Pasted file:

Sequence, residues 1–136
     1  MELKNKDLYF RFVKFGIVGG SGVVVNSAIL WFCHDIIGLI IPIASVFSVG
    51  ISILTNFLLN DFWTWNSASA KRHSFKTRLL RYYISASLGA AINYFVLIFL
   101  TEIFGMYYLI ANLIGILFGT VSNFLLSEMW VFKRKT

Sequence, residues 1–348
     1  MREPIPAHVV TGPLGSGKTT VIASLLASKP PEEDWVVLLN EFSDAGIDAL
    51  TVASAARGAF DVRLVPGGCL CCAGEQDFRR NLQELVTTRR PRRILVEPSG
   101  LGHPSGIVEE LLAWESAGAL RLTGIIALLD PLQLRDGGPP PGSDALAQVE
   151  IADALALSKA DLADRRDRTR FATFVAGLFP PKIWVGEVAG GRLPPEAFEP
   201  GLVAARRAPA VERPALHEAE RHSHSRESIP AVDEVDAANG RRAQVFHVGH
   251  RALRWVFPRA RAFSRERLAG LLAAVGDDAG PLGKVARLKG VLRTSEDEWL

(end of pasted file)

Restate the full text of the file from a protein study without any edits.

Sequence, residues 1–136
     1  MELKNKDLYF RFVKFGIVGG SGVVVNSAIL WFCHDIIGLI IPIASVFSVG
    51  ISILTNFLLN DFWTWNSASA KRHSFKTRLL RYYISASLGA AINYFVLIFL
   101  TEIFGMYYLI ANLIGILFGT VSNFLLSEMW VFKRKT

Sequence, residues 1–348
     1  MREPIPAHVV TGPLGSGKTT VIASLLASKP PEEDWVVLLN EFSDAGIDAL
    51  TVASAARGAF DVRLVPGGCL CCAGEQDFRR NLQELVTTRR PRRILVEPSG
   101  LGHPSGIVEE LLAWESAGAL RLTGIIALLD PLQLRDGGPP PGSDALAQVE
   151  IADALALSKA DLADRRDRTR FATFVAGLFP PKIWVGEVAG GRLPPEAFEP
   201  GLVAARRAPA VERPALHEAE RHSHSRESIP AVDEVDAANG RRAQVFHVGH
   251  RALRWVFPRA RAFSRERLAG LLAAVGDDAG PLGKVARLKG VLRTSEDEWL